Brew Your Own Beer Recipe
Go beyond the standard beer kits and build your own recipes. Homebrew stores have some good kits but there’s nothing quite like when you brew your own beer recipe. In the long run you’ll also save a few bucks buying your ingredients in bulk compared to buying kits. You can go with pen and paper but I’d suggest finding a brewing software you’re comfortable with.
The easiest way to start with your first few recipes is to actually copy someone else’s recipe and modify it. You can do everything from changing a few ingredients to modifying hop schedules and mash temperatures. The reality is almost everything has been made before so why not skip some trial and error. If your modifications work then you can keep tinkering till you get the best recipe you can. You can even try combining a few recipes with the same style to make them your own. Finally, don’t forget to give thanks or a shout out to anyone who inspired your recipe. I love hearing from someone who brewed my recipe or even better improved it.
Make sure to pick a good recipe to start from:
Commercial clones offer you one of the best ways to get a good base recipe. Some are deciphered by homebrewers while others are actually released from the pro brewers themselves.
Many of the popular online brew stores actually include downloadable recipes with their kits. Do try to throw them a bone if you end up with a solid recipe.
Finally, you can try scouring online or homebrew magazines to find recipes from other homebrewers. Try to stick to ones with some feedback to give your recipe the best shot.
The most important thing to pay attention to in your recipe is each grain’s recommended maximum percent amount. You can generally find these in your brewing software or online in a malt’s description. Most base grains are perfectly fine for up to 100% of the grain bill but specialty malts tend to cap at a suggestion of 15% or less. Be careful as these percentages won’t always work if you go specialty malt heavy in your recipe!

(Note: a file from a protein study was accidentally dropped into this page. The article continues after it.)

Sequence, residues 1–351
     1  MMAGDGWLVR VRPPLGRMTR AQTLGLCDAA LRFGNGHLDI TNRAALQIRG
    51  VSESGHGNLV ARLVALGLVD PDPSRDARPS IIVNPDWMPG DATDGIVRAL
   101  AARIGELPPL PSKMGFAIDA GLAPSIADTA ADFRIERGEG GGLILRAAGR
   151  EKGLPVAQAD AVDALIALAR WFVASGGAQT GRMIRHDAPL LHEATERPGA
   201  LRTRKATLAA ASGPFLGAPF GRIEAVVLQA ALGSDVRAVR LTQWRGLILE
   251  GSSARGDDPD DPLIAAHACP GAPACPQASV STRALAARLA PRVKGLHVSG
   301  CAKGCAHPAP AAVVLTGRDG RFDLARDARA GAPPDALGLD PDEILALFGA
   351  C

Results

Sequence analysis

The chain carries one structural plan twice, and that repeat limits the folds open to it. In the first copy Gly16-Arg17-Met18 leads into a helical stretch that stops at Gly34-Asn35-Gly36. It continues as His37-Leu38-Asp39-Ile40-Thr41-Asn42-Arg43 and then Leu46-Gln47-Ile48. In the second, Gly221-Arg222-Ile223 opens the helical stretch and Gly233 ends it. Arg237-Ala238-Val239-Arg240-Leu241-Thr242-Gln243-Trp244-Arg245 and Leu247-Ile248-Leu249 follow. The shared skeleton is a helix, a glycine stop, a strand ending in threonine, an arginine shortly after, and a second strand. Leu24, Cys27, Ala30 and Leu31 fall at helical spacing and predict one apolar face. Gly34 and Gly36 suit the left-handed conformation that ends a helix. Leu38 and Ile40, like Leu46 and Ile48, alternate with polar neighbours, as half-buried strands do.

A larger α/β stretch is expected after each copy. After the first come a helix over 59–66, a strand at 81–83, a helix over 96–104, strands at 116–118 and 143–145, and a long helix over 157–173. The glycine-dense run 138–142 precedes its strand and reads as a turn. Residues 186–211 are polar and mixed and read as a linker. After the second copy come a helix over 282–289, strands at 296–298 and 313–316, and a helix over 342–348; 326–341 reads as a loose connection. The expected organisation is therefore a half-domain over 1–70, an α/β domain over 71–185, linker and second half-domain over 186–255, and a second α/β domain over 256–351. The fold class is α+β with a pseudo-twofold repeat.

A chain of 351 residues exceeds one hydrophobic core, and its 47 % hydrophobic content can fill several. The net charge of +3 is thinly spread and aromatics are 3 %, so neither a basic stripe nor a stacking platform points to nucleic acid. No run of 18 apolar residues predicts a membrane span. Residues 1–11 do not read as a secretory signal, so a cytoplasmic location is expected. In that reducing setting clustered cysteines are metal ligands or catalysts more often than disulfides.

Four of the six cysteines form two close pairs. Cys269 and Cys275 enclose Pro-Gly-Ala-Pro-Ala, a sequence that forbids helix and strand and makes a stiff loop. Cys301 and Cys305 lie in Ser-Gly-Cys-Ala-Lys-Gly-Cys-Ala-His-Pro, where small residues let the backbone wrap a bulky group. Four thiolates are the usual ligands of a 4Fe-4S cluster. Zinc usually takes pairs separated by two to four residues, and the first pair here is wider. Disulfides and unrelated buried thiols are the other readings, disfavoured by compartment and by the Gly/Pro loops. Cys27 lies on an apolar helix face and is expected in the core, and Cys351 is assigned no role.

Specialty malts are very important to look at because too much can easily throw off your whole recipe. One issue comes from the diastatic power of specialty grains which tends to be on the lower end. Diastatic power is a fancy term for the malt’s enzyme power to break down complex sugars into simple ones that are easily fermentable. Without enough diastatic power, you’ll end up with a very sweet beer. The last issue lies with heavily roasted malts or other potent malts as they’ll overpower your other flavors in excess quantities.
The hop schedule isn’t too hard to come up with once you figure out the flavors you’re going for. Pick a hop that has complimentary flavors and aromas to the style you’re brewing. Remember that your first hop addition at the beginning of the boil will contribute mostly bitterness and little flavor. As you get closer to the end of the boil your hops will contribute more flavor and less bitterness. Dry hopping will provide a huge portion of your hop aromas. Do use a software to calculate IBU’s and stay within the styles range for balance sake. Remember to also pay attention to your hop’s alpha acids as each crop will vary.
Last but not least we can’t forget the yeast. Once you master the grain bill and hops you’ll want to play with your single-celled friend. Yeast plays a huge role in either letting the malt and hops shine or adding the subtle nuisances that make a good beer great. Try playing with different strains and different temperatures to see what happens. It’s amazing how different a recipe can turn out by changing fermentation temperatures just a bit.
Charlie Papazian said it best with “Relax. Don’t worry. And have a homebrew.”
Everything won’t always work out but sticking to the above should give you a good start to brew your own beer recipe. Eventually, you’ll figure what ingredients work and will be able to come up with your own full recipe. Above all remember to enjoy homebrewing and not turn it into a job.